However, when this occurs, we usually have to bounce back and forth between our email app and the native Calendar app, or a fantastic third-party calendar. That is no longer the case with some email apps, as there are options available that can make you more efficient.
Apps like Spark have a separate Calendar card that can be added as a widget shortcut, and Microsoft Outlook as well as Boxer Pro have separate tab views for your calendar and even let you send availability or a calendar invite.
When an email app has calendar capabilities, it also fetches the data directly from the calendars that you’ve saved in the native iOS settings, so it means you don’t have to lift a finger and do anything extra (unless you never set that up). That is, unless you want to choose which calendars to show or hide, as well as what the default one is for new events to be added to.
Having to check your schedule while in your inbox has always been a pain, but modern email apps are making the process a lot smoother.
See everyone you’ve contacted ever or just recently
Throughout the life of our email, I’m pretty sure that we’ve had email exchanges with dozens, hundreds, or even thousands of contacts. While it may not happen often, sometimes we may need to go back and find a specific contact in order to share the information with someone else.
For those moments, it’s nice to be able to see a list of everyone that you’ve talked to through your email accounts. An app that lets you see complete contact history is Boxer Pro, and it even sorts all contacts alphabetically for you and has a search function for faster access to what you need. The contact list is also integrated with your device’s address book, so you have everyone in one place. Boxer Pro also lets you add people to favorites and see recent contacts in case you have to reference someone.
If going through an entire list of contact history isn’t your thing, that’s okay too. Because like the native Mail app, pretty much every third-party email client has the ability to autofill recipient email addresses in the To:/Cc:/Bcc: fields as you type them. As long as the people are in your address book, or you’ve contacted them at some point, they’ll show up in the autofill.
Find the attachment you’re looking for
With my job, I get a lot of attachment files, and I’m sure anyone dealing with work email does as well. Wouldn’t it be great if all of the attachment files in your email were isolated into its own section?
While this seems a bit daunting at first, sometimes you just need to go through your attachments to get something specific. It may not be a feature that you need to use often, but it is nice when you do. Some apps out there, such as Spark and Microsoft Outlook, have this functionality, along with some extras that I’ll get to in a bit.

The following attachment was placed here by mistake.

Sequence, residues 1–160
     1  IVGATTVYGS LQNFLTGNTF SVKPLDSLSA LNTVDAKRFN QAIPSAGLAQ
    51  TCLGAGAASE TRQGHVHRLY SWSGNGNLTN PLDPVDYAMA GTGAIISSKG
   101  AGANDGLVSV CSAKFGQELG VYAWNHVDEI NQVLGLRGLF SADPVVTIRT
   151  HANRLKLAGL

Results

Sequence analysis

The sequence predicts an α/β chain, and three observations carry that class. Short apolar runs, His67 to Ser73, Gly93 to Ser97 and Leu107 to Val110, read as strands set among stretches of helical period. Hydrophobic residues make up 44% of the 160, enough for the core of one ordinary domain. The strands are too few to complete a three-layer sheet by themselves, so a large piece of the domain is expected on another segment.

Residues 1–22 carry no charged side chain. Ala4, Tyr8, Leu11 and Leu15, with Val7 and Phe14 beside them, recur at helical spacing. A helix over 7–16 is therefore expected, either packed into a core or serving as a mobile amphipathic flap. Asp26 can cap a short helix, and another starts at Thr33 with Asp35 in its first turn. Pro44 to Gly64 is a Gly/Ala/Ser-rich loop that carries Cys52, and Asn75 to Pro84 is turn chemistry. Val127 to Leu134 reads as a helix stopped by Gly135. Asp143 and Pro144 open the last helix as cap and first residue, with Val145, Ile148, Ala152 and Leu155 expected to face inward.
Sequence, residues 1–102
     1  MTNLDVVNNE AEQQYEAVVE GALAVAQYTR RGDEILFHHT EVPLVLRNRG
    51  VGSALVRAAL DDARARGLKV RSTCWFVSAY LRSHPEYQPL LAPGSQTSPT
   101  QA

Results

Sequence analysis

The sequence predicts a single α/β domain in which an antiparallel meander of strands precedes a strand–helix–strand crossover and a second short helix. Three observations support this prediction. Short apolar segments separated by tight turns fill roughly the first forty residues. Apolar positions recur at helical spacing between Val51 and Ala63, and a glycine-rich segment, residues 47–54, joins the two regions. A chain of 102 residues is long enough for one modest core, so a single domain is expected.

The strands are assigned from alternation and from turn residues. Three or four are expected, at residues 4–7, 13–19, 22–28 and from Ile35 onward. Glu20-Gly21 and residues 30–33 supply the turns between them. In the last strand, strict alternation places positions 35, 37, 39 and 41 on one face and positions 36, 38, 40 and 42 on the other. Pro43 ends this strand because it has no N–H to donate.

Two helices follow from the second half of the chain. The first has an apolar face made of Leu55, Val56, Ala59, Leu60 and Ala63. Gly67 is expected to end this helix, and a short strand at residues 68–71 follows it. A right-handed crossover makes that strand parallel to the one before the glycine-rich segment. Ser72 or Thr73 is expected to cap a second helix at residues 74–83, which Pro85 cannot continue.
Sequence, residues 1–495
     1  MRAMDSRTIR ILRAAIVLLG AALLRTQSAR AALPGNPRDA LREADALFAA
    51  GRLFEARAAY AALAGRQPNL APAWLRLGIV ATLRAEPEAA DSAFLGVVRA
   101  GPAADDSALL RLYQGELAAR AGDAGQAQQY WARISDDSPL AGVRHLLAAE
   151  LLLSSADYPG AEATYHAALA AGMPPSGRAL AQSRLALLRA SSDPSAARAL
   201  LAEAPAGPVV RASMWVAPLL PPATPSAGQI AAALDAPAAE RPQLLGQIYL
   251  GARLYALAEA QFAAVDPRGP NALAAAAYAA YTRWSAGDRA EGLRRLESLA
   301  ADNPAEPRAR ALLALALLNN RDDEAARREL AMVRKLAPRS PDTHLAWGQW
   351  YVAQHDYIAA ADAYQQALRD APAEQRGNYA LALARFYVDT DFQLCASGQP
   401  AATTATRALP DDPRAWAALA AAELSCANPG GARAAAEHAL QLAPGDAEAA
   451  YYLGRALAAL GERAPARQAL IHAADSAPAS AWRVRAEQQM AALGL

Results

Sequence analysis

Spark has the “Attachments” card widget, which pulls up a complete list of files that have arrived in all of your email accounts. Even though it is comprehensive, it is also overwhelming, as it does not separate the attachments by account. But tapping on an item in the list takes you to the message itself, and you can use the global search feature to find what you want.
Microsoft Outlook handles attachments much better, since it separates files by account, has a file-only search, and tapping an attachment lets you view the file itself, not the email message it is contained in. If attachments are a crucial part of your email workflow, then Microsoft Outlook is the app that does the job the best.
Stack your emails
AOL believes that checking your email shouldn’t be a chore. Because of this, the company has introduced Alto Mail. Offering support for Gmail, Outlook, Yahoo!, AOL Mail, iCloud, and other services, Alto Mail provides organizational tools that automatically highlight important information so you can find what you’re looking for when you need it. A big part of this is a tool called Stacks, which organize mail based on the content of your messages. Think photos or file attachments.
Alto Mail also organizes mail through Cards and a Dashboard. The former allows you to access important travel and shopping information in an easy-to-read format without opening your email. The latter puts the most relevant Cards first.
Pull in files from outside sources
Now that we’ve figured out how to deal with file attachments that you’ve received, how about sending your own right from your iOS device?